# Introduction¶

We have compiled a series of commonly used code recipes in Draft into this cookbook. First off, if you aren’t familiar, a code recipe is a snippet of code that captures a common case. The goal is so that you don’t have to remember exactly how to do something, like how to setup a certain type of video encoder, and instead have a place to quickly refer to when you need to cook something up!

You can use this cookbook both as way to learn new techniques and functions in Draft, as well as a handy reference whenever you need it. While reading it from start to finish would be helpful, the intention is that you use it by jumping around the table of contents based on what you are interested in.

We will be adding new recipes in the future and if you would like to suggest new additions. please post on our forums.

These recipies make the assumption that you are familiar with the Python programming language, so we won’t be taking too many pains to explain the syntatic details of the recipes. The discussions will focus primarily on what Draft is doing and what other options might be available to you.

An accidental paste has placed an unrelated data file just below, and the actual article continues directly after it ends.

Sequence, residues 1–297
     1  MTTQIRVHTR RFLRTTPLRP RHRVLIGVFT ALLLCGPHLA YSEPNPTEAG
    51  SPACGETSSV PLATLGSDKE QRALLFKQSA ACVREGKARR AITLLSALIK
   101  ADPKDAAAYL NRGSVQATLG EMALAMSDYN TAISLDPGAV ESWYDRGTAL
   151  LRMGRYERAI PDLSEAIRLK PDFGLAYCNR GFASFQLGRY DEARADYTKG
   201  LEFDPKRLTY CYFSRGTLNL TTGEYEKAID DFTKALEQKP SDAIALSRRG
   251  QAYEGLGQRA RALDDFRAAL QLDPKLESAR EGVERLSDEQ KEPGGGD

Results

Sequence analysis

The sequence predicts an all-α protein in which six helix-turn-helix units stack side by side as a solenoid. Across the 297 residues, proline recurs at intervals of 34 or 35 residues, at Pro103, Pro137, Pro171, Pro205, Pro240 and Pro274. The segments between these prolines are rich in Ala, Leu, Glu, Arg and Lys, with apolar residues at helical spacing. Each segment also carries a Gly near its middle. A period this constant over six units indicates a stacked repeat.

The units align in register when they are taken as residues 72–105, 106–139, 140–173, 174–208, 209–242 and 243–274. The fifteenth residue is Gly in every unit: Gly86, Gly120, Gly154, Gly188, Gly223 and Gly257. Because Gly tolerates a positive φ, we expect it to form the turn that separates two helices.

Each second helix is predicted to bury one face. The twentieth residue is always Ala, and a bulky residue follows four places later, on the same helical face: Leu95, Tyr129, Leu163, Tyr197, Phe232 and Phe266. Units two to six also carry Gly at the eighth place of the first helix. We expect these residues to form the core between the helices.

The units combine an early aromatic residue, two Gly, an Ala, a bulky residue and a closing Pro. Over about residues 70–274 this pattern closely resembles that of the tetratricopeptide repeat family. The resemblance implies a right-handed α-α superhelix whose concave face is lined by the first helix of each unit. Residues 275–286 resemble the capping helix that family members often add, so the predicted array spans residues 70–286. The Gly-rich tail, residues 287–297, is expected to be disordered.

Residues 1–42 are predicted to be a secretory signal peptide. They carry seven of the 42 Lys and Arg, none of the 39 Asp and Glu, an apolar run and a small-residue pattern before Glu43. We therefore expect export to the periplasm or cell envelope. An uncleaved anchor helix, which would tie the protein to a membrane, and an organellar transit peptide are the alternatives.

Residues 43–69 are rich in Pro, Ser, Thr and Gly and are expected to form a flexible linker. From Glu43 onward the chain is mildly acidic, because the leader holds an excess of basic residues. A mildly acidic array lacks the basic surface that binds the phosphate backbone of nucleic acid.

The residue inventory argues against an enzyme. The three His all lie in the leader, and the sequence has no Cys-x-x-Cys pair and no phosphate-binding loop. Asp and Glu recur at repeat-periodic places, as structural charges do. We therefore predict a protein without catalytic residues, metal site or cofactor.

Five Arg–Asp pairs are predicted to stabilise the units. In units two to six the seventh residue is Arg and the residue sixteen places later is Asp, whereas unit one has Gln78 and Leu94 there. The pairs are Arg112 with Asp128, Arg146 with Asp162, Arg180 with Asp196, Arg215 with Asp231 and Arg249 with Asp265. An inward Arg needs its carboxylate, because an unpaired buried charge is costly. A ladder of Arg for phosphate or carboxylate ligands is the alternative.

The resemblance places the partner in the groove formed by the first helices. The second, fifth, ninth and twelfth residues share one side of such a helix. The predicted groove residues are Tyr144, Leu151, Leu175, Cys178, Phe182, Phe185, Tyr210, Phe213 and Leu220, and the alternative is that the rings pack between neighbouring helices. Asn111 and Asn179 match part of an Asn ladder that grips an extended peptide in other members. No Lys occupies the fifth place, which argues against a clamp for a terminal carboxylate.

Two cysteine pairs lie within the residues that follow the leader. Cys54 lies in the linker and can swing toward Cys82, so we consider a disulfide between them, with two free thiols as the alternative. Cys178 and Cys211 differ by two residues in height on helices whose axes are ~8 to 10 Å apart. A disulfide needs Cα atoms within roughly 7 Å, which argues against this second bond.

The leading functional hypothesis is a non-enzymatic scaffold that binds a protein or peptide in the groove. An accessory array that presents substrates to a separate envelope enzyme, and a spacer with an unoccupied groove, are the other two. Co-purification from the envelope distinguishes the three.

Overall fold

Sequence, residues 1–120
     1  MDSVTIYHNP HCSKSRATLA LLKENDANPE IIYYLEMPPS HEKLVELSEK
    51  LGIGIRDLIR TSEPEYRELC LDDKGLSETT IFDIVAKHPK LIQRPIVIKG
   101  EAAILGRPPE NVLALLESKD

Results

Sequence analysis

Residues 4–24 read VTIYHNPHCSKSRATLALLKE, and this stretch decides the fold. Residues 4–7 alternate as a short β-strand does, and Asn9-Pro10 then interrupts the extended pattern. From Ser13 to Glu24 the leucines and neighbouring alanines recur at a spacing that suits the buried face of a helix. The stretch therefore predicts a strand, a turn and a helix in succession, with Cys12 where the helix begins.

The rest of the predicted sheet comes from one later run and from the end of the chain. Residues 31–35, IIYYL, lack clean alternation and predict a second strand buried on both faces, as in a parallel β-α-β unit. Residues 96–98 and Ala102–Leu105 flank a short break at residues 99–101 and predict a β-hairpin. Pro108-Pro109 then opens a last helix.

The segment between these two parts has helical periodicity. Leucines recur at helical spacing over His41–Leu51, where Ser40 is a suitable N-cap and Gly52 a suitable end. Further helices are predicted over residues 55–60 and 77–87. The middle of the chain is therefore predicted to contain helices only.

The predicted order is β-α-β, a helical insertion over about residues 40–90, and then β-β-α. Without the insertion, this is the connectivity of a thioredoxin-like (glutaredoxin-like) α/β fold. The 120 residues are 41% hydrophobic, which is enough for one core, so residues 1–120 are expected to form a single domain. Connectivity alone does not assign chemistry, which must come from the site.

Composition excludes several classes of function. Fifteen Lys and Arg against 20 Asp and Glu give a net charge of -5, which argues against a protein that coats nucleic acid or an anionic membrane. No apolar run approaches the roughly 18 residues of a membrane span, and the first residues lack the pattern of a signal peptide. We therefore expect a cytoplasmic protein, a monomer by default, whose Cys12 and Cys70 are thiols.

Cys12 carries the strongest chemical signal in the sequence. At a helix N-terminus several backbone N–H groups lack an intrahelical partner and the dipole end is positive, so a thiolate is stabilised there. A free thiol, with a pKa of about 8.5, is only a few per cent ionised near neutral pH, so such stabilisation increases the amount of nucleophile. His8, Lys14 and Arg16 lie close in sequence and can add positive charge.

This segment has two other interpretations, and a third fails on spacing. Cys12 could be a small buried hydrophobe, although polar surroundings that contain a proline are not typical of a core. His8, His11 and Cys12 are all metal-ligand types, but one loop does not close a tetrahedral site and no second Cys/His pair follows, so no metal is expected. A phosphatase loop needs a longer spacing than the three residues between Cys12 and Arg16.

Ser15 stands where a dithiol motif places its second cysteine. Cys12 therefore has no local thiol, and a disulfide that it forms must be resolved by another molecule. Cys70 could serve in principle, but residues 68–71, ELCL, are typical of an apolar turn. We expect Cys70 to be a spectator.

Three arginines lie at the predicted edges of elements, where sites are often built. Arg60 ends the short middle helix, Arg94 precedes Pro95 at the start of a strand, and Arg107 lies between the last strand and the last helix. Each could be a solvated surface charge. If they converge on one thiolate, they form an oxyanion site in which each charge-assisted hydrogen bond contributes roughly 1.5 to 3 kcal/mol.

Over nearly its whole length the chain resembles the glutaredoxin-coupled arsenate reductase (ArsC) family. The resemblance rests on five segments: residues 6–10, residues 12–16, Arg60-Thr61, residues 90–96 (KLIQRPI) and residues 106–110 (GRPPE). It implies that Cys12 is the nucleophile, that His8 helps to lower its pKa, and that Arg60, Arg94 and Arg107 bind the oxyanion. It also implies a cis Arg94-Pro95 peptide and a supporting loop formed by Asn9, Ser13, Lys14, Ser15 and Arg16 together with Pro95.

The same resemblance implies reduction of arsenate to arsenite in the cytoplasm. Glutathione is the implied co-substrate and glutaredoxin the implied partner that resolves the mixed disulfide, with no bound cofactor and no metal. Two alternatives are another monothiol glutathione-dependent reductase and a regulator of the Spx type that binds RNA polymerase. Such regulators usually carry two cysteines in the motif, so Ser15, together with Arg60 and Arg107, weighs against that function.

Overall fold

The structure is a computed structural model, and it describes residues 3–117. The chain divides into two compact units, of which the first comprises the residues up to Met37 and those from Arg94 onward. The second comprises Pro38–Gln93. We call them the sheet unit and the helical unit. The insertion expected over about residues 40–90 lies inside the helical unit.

## Conventions Used¶

Here are the conventions we use throughout this cookbook.

Each recipe is in response to a given Problem. This can be something fairly simple like Creating an Image to something much more complex like Compositing images using Anchors.

The Solution is the code snippet that solves the stated problem. The recipe will be formatted with Python highlights to make it easier to look at. Copy the recipe code into your own scripts to use it.

Finally, each recipe is accompanied by a Discussion of the solution. The discussion is not required reading, but often includes further details and offers helpful hints when needing to solve more complex problems. Where appropriate, sometimes a See Also section is included to link to other relevant recipes or documentation.

When we refer to code within the discussion text, quoted code is formatted like this to help make it stand out. When we include code lines, they will appear on their own line and be in a different font.

For example, the Draft library is imported into a Python script in the standard manner:

import Draft


The module Draft contains several important objects such as Draft.Image.